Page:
The Supreme Court has reprimanded President’s Advisor Ibrahim ‘Ibra’ Ismail for reportedly calling on the public to “rise up and sort out the judges” at a Maldivian Democratic Party (MDP) rally Friday night in Kaafu Thulusdhoo.
A press statement issued by the Supreme Court yesterday claimed that Ibra’s remarks “encouraging the illegal curtailment of the tasks of the judiciary” could lead to “the loss of peace and security of the Maldivian state and plunge the nation into chaos and unrest”.
While article 299(a) of the constitution demands “obedience to the constitution” and compliance with all its provisions, the statement noted, article 144(c) states that, “No officials performing public functions, or any other persons, shall interfere with and influence the functions of the courts.”
Moreover, article 144(d) states that, “Persons or bodies performing public functions, through legislative and other measures, must assist and protect the courts to ensure the independence, eminence, dignity, impartiality, accessibility and effectiveness of the courts.”
The Supreme Court asserted that “making such statements in a free, democratic society under lawful governance goes against the principles of civilisation” and “the constitution of the Republic of the Maldives does not allow any such illegal activity”.
The court’s statement concluded by assuring the public that the highest court of appeal “as the parent of the constitution and laws of the country” would not tolerate “any action that could undermine established democratic institutions and the rights of the Maldivian state and the Maldivian people.”
The Judicial Service Commission (JSC) – oversight body for the judiciary – meanwhile conducted an “emergency meeting” Sunday night prompted by Ibra’s remarks and decided to request “relevant authorities” to carry out an official investigation.
Ibra’s remarks came after the Criminal Court barred journalists from observing the corruption trial of Deputy Speaker Ahmed Nazim on August 25.
“Judges are issuing verdicts any way they please. The effort we have to make against this is not inconsiderable. It was citizens who came out and ousted Maumoon from power. The matter of judges too can only be sorted out by citizens rising up,” Ibra, former Male’ MP and first elected president of MDP, was quoted as saying in newspaper Haveeru.
Speaking to Minivan News today, Ibra argued that criticism of the judiciary did not constitute a criminal offence or could be considered unlawful.
Responding to the Supreme Court claim that his remarks could “plunge the nation into chaos and unrest”, Ibra noted that ensuring law and order was “out of the Supreme Court’s jurisdiction.”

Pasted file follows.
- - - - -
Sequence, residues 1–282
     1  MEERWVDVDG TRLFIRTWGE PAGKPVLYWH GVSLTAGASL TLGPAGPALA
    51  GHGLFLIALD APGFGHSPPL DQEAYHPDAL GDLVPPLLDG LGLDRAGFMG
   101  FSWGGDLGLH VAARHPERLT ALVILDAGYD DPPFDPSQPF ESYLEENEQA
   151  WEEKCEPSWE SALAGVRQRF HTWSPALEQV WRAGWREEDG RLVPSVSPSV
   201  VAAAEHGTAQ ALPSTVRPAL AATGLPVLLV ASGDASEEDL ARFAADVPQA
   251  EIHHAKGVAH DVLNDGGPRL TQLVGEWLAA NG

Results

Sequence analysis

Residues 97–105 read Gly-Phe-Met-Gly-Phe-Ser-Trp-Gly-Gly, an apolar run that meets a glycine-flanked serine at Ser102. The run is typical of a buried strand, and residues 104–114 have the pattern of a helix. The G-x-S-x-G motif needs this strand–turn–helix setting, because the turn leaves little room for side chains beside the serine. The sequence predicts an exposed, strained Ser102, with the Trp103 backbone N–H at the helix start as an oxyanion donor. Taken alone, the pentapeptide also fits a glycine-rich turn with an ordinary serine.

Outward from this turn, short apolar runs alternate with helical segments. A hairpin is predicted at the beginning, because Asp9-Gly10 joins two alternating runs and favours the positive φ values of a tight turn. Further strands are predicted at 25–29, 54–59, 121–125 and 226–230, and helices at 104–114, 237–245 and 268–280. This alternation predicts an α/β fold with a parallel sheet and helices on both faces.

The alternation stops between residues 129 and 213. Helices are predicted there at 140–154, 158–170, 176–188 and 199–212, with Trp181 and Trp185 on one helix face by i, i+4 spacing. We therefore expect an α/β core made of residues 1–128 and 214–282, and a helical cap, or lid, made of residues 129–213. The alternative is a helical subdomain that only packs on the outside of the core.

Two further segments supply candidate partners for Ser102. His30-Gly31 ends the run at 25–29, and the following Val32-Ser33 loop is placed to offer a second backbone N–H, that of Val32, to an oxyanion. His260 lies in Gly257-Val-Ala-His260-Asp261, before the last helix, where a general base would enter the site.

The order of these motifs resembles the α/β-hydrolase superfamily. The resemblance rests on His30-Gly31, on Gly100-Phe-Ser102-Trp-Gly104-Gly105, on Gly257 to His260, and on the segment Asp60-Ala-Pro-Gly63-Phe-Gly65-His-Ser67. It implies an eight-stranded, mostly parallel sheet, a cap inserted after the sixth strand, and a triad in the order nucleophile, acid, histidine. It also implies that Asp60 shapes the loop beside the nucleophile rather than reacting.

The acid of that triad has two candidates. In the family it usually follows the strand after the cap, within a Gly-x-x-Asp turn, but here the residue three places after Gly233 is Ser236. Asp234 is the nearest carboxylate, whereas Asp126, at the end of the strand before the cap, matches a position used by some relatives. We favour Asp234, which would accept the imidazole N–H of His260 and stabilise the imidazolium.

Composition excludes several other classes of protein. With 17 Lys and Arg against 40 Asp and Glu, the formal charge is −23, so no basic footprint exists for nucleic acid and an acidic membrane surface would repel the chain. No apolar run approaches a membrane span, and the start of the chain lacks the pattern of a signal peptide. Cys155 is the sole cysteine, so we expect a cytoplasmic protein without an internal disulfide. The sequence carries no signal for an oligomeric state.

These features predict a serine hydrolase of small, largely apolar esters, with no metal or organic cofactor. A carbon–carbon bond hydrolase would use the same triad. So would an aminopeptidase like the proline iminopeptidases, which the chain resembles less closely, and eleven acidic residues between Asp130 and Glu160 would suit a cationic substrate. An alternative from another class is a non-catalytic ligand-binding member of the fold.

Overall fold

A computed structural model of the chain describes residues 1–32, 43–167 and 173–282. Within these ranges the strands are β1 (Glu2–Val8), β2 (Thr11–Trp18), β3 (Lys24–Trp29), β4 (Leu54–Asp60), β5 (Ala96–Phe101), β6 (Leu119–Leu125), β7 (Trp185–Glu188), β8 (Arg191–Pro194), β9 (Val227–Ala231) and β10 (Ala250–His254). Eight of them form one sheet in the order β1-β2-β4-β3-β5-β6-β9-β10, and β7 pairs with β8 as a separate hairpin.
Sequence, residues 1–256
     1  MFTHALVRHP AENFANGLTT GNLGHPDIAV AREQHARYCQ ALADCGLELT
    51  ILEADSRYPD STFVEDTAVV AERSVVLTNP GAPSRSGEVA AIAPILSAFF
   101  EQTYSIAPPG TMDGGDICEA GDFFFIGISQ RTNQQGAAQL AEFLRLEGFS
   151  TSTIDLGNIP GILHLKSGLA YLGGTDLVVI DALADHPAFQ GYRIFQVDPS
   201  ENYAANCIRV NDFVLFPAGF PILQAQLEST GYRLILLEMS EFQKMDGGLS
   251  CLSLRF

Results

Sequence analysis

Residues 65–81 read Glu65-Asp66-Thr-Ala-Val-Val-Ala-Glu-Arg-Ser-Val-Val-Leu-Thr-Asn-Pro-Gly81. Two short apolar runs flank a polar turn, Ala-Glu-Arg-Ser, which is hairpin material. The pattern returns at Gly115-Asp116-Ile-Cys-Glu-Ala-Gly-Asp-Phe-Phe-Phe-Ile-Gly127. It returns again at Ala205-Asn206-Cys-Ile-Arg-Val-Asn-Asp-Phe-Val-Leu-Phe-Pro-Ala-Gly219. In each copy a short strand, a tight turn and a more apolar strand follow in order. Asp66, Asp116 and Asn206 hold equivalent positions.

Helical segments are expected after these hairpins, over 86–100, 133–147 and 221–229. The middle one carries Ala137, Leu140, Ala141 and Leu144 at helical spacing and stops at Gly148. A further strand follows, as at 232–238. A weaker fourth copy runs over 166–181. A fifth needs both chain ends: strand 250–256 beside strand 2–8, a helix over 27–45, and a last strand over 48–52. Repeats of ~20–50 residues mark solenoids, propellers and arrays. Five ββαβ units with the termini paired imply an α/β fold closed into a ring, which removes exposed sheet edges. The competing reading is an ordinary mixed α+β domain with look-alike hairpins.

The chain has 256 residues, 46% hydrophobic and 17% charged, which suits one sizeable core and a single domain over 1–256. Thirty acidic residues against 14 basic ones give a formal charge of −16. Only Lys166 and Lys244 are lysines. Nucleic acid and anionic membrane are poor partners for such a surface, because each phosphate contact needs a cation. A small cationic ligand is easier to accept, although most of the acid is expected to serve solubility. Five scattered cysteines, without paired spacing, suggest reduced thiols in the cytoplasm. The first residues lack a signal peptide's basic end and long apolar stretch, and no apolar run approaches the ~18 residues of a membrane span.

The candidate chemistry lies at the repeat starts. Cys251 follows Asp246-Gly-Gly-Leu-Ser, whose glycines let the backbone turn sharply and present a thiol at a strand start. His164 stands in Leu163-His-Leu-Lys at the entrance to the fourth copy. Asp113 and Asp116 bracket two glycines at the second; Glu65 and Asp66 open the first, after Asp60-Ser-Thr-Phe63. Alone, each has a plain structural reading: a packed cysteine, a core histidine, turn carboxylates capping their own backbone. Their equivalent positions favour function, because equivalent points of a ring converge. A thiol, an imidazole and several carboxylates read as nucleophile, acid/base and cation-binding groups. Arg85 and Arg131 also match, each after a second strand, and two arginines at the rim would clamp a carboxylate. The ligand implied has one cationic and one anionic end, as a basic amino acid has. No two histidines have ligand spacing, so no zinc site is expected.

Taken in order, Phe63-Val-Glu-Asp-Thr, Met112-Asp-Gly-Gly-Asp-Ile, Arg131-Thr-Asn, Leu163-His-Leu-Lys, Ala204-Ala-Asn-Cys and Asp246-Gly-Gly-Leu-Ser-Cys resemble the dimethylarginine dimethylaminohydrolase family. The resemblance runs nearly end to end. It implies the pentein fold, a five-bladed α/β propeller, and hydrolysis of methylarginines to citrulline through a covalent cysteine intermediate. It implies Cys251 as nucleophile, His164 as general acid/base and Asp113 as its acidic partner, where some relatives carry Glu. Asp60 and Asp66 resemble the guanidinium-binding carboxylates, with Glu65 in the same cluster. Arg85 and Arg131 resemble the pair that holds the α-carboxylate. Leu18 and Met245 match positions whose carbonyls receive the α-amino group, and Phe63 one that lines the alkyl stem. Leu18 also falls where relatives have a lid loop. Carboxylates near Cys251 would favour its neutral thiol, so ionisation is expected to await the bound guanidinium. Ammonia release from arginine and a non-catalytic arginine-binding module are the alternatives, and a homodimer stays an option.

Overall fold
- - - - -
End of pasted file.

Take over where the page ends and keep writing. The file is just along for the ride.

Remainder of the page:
“Before making such serious allegations against a person they should at least attempt to find out the truth or see if any law was violated,” he said. “It is like the Supreme Court believes they are above the law or a law unto themselves.”
Ibra, who also served as chairman of the drafting committee of the Special Majlis – the special assembly convened to revise the constitution in 2004 – noted that according to article 16 of the constitution fundamental rights and freedoms could only be limited by a law passed by parliament and “only if demonstrably justified in a free and democratic society.”
“I know of no law passed by the Majlis that says it is illegal to criticise the judiciary,” he said.
On the Supreme Court’s contention that he violated article 144(c) and (d), Ibra pointed out that he had not said anything about an ongoing case that could be construed as “interference or influence.”
Ibra went on to criticise the JSC for deciding to investigate his remarks: “It has nothing to do with the mandate of the JSC. What law says their job is to take measures against people who criticise the courts?”
Moreover, he added, the JSC could only ask police to investigate if there was a criminal offence involved.
“Whether it’s the executive, legislature or judiciary, if anyone is acting dictatorially and harming citizens, I will come out and I will do everything I can to stop it,” he said.
Former President’s member on the JSC and outspoken whistle-blower, Aishath Velezinee, told Minivan News that Supreme Court Justice Adam Mohamed had in his capacity as JSC President asked that police investigate Ibra, and then had the Supreme Court issue its statement.
“What are the police going to do? It sounds like the highest court in the land has already issued its verdict,” she said.